Wednesday, July 22, 2009
April 14, 2009
For a few hours, losing power in your home is not so bad. You can write letters by hand (how novel) and work through the paper stack. You can still cook with a gas cook-top, so there is no excuse for dinner. You can walk the dog and work in the garden. You can clean your house. You can write on your laptop until the battery is gone. You could take a nice quiet nap (I wish I had thought of that one earlier). You can have dinner by candlelight and listen to the evening birds instead of the air conditioner fan. And when after 24 hours you awaken to still no power you can treat yourself to coffee made in your seldom used French press (ooh-la-la!) before you turn to the daunting task of cleaning out the refrigerator.
We take it for granted. And we depend on it to provide conveniences and luxuries that we have gotten used to through the years – like dishwashers and hair dryers and garage door openers. But a lot of the conveniences electricity provides sometimes takes away the charm of the simpler life – candles, one-skillet suppers, conversations in the dark, no alarm clocks, and although I admit I constantly was listening somewhere in my mind to hear the familiar hum return, there is a definite charm to silence. Silence gives you time to think – or not think without disturbance.
Dr. Feelgood and I witnessed in silence a beautiful sight last week on the golf course. It was Good Friday, but it had been a bad week for me in general. I was missing Megan. It seemed I was having my own “power outage” throughout the week with little energy, little hope, and little strength to keep trudging through this grief process. I had just finished about the 100th book on grieving – this one by Paula D’Arsy who says that the “power outage” or bad times are a real good sign that healing is occurring – that one is moving through it and not stuck somewhere in the process. I hope she is correct.
But back to the beautiful sight. We were finishing up on the last hole and I just happened to glance up. I motioned to Mike and there above us were five – yes, five – snow white doves circling above us. They lighted on the clubhouse and watched as we finished and then took flight. Now, I have never seen a snow white dove, but I do remember the song,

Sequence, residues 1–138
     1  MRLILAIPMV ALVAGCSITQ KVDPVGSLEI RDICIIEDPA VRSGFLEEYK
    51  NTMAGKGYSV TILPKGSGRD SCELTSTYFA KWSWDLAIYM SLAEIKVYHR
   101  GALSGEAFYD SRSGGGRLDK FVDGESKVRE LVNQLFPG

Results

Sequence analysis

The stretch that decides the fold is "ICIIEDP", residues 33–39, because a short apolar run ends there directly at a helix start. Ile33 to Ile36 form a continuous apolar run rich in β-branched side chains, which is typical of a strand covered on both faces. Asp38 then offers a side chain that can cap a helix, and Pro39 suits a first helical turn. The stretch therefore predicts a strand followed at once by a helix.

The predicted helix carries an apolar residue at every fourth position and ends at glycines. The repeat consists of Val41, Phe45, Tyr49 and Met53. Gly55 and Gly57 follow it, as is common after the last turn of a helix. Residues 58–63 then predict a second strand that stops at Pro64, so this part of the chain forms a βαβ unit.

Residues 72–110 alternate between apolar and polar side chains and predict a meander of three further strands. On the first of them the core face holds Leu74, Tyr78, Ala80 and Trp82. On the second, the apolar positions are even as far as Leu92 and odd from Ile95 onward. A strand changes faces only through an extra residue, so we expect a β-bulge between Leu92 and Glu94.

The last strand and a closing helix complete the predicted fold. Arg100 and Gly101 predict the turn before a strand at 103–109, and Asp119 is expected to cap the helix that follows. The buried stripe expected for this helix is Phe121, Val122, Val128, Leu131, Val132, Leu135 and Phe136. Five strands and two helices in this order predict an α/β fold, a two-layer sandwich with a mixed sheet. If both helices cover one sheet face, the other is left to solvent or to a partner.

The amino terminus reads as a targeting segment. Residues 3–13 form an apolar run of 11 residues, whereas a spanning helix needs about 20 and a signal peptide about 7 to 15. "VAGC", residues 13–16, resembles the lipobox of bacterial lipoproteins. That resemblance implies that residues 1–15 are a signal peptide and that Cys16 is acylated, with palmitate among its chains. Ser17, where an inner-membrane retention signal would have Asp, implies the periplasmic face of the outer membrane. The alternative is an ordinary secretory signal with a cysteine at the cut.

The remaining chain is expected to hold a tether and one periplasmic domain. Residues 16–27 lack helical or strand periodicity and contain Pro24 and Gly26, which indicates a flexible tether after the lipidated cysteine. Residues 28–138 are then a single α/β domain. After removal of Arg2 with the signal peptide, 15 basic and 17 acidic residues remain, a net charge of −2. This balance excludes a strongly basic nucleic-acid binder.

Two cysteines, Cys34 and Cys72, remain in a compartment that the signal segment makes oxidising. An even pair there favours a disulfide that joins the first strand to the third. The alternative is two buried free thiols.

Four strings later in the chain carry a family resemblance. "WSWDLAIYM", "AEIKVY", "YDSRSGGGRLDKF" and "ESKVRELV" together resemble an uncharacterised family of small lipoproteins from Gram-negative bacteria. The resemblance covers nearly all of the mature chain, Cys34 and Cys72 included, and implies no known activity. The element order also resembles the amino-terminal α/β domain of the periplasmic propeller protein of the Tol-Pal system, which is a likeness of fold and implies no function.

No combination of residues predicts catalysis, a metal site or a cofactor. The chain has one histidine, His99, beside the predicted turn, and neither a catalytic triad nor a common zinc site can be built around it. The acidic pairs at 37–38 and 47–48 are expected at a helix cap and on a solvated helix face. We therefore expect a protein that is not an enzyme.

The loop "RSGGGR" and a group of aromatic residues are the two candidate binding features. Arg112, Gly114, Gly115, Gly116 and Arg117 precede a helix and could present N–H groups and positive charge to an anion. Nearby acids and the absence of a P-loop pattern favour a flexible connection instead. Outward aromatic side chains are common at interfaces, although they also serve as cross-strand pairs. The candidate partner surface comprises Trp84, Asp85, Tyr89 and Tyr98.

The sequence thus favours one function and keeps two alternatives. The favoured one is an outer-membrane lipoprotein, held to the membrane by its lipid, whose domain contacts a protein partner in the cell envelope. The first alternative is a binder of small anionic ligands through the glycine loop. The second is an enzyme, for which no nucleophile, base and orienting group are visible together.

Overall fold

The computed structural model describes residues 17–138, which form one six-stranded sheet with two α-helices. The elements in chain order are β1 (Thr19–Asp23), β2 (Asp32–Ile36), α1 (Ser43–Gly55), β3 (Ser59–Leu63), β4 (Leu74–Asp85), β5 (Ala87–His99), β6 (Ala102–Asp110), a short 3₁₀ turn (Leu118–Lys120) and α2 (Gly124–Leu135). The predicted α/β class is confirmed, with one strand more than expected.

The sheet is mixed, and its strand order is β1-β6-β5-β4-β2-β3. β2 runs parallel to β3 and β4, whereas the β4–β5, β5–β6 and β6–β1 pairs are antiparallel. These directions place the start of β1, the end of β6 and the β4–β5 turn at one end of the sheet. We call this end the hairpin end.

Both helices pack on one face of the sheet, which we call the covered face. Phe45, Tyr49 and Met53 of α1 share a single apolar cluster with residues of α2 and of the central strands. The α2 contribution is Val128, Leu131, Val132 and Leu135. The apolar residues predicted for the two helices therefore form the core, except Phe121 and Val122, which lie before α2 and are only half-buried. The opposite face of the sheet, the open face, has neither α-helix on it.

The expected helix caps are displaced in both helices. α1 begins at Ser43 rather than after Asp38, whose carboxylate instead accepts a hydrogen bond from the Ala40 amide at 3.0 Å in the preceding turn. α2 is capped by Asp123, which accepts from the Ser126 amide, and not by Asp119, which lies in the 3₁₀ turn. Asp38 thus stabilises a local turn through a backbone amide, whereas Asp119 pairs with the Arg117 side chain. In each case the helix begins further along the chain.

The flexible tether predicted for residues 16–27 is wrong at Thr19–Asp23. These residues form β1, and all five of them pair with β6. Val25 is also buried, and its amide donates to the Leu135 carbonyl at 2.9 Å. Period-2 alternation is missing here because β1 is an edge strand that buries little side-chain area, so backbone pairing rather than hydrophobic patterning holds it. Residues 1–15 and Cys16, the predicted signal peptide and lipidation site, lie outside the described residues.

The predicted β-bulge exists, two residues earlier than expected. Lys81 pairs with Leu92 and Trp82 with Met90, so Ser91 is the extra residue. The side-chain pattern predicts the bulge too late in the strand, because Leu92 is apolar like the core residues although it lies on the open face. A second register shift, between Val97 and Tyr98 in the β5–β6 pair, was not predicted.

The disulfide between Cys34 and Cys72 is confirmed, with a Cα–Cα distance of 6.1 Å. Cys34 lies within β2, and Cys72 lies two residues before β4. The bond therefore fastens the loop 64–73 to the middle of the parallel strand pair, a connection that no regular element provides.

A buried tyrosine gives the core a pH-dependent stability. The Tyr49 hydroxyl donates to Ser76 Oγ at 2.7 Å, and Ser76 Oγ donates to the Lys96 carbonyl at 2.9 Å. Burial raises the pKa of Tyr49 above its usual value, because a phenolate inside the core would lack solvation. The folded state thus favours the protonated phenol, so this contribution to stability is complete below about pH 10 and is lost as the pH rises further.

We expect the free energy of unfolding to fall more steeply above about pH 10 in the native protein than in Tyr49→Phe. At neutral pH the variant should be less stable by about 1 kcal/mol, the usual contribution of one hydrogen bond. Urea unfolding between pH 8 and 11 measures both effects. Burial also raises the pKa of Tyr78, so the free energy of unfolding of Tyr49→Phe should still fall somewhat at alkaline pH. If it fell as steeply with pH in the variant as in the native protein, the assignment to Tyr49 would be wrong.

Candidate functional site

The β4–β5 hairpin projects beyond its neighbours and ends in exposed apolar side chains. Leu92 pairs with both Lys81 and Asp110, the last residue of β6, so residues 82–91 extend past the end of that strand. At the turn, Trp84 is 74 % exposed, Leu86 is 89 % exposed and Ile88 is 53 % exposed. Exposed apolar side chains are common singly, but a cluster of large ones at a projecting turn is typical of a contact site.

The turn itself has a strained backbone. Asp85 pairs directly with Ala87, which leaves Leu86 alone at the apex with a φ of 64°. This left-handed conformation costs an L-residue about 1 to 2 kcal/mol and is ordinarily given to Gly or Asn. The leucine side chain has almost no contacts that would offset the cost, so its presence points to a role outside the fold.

“On the wings of a snow-white dove
He sends His pure sweet love
A sign from above
On the wings of a dove.”
I asked several people and no one had ever seen white doves at the golf course. Was it a sign from above? I read that often white doves are bred and trained for something called “White Dove Releases” where they are let go at special occasions like weddings or memorials, and the smart birds then return to their homes. I like to think they were delivering us a message, sending us “His pure sweet love, a sign from above on the wings of a dove.” My heart is always softened by the beautiful vulnerability of nature – the total dependency of creation waiting for God to reveal himself. The Bible speaks of doves – one returned to Noah with an olive branch as a message of found land, doves were used for sacrifices, and a dove descended on Jesus at His baptism. And so why would God not allow nature to speak to us when human words, books, and therapy do not always work. A bird sometimes can say more words to me than Webster, just in their dependency, and their varied and constant message of hope. Just this week, I have spotted three nests outside my door – all different, all singing a different song. Not everyone will make it, but they work hard in their obedience to creation. Their power does not run out. It is in looking up to see what is being offered. Five white doves above me said, “Look at my wings, waving down pure sweet love from above. We will be together again. All is well!”
I am grateful for those five white doves. Nancy Guthrie says in her book, 52 Weeks of Hope “Gratitude plows up the ground for God’s peace to grow.” Time to reset the clocks, recharge the phones, and get gardening, I suppose. But I could not close without sharing this with you:
On the Wings of a Dove
Do not come to my grave and cry
Look up instead toward the sky
For wings of white as they fly by.
Don't come to stand and weep or bring
Dying flowers. Instead please sing
A song or feel the autumn wind
As is blows past your tender cheek.
That is me. I am not asleep.
I'm in the rain on summer days.
I'm with the children as they play.
I have not gone so far away.
Look among stars shining at night.
See me riding on rays of light
Gently brushing leaves. Watch a flight
Of Snow White Doves. They always tease
My soul, and then so softly weave
It through clouds of white, over seas,
Under the breeze, and far above
The trees, knitting like yarn my love.
I'm there on the wings of a dove.
Do not visit my grave and weep.
I am near. I am not asleep.
~ by Sandra van Riper